Pakistan's banned pacer, Mohammad Aamer has apparently admitted for the
first time his guilt in the spot-fixing scandal and apologised for his
actions. He said former captain Salman Butt had betrayed their friendship
by involving him in the spot-fixing scandal that has seen him banned from
cricket and serve time in a British prison.
"I am so angry with Salman," said Aamer. "He took advantage of our
friendship. He should have helped me instead of involving me in all this,"
According to well-informed sources, Aamer has spoken in detail to former
England captain, Mike Atherton in an interview to Sky Sports, about
the spot-fixing scandal and his role in it.
"What is interesting is that Aamer spells out the reasons and channels
through which he got entangled in the scandal and apparently admits he has
learnt from his mistakes and will not repeat them again," a source said.
"He has basically admitted he was wrong in what he did and feels ashamed
over his actions and involvement in the scandal and the way he let cricket
community and Pakistani nation down," the source added.
The interview was apparently conducted while Aamer was in London after
serving three months in a youth detention centre after being found guilty
of spot-fixing by a Crown Court there.
The youngster, who was considered one of world cricket's brightest young
pacers, has yet to apologise publicly and admit his guilt despite
returning to Pakistan a few weeks back.
Since returning home with his legal counsel, Aamer has shunned the
Pakistani media and has not given any statements or interviews.
The pacer was convicted along with teammates, Salman Butt and Mohammad
Asif for involvement in the spot-fixing scandal during the Lord's Test in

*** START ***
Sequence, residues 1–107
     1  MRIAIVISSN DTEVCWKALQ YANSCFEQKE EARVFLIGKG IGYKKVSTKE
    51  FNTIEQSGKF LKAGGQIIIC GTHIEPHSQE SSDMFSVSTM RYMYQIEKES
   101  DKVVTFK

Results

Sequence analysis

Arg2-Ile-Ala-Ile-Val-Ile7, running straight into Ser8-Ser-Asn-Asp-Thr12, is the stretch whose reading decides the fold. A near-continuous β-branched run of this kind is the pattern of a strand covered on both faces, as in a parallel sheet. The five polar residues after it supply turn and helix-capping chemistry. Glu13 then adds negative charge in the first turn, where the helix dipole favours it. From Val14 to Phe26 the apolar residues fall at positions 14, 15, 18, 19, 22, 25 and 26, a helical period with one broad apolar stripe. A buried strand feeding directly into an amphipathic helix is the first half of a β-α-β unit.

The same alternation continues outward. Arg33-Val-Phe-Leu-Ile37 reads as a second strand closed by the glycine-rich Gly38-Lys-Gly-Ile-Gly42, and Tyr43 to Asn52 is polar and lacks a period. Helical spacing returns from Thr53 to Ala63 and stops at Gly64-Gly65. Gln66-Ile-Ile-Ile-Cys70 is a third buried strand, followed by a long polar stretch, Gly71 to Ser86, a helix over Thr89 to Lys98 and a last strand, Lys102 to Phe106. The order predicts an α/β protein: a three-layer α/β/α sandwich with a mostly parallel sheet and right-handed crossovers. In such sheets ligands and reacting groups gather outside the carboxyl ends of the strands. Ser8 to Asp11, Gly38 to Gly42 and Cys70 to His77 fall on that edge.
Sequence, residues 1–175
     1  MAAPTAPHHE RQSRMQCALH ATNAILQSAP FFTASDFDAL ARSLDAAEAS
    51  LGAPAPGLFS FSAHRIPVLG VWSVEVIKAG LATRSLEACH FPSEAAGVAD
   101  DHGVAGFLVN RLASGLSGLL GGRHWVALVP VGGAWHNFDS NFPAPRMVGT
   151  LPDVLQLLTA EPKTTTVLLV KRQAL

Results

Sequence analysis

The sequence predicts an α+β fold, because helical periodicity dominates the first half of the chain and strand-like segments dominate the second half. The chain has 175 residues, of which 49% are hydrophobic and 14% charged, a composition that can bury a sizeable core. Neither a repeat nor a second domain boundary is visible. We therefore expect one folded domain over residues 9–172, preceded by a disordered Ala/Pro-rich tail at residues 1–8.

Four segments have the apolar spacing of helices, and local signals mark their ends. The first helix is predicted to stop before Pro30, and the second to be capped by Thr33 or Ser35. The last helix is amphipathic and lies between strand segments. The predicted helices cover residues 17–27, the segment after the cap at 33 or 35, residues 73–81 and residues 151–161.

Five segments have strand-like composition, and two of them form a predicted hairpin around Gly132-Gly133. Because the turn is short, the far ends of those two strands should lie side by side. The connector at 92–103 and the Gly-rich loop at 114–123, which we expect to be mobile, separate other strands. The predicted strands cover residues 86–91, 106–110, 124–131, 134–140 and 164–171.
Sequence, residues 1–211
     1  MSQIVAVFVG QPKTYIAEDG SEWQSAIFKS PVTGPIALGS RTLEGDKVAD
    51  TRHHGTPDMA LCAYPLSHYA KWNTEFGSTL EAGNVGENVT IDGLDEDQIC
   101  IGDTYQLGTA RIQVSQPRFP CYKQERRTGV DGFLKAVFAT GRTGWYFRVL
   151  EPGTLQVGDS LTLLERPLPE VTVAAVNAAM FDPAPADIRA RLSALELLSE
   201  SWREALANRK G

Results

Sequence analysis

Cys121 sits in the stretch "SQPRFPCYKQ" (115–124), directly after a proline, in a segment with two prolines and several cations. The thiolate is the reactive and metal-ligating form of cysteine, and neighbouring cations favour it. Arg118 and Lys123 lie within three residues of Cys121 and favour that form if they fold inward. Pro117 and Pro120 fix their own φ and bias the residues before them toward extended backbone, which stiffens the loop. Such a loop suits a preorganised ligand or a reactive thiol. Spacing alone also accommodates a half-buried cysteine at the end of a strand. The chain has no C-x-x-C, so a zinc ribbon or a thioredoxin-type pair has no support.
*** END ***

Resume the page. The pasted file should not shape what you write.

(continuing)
The three accused were given different jail terms. Aamer was sentenced for
six months, but was released in February due to good behaviour after
serving half his sentence, while the other two are still serving their
Aamer also talked about bookie Mazhar Majeed. "Suddenly he (Majeed) said
'oh bro, you've got yourself in big trouble, you're trapped, and your
career is at stake'," Aamer recalled.
"I said 'Bro, what's happened?'. He told me that my calls and texts with
Ali had been recorded and had reached the ICC."
Aamer added: "I said 'what?!' And here there's something crucial that I'd
like to say at this point: I'd like to say how stupid I was."
"I mean on the one hand he was telling me that a report about me had gone
to the ICC, and on the other that he wanted me to do two no-balls for him.
I was panicking so much it didn't even occur to me how ridiculous it was,"
"I knew that it was cheating cricket; that it was out of order, and that
it shouldn't happen."
Reflecting on how he got into trouble, Aamer said: "I was stupid. I should
have told someone."
- with agencies input
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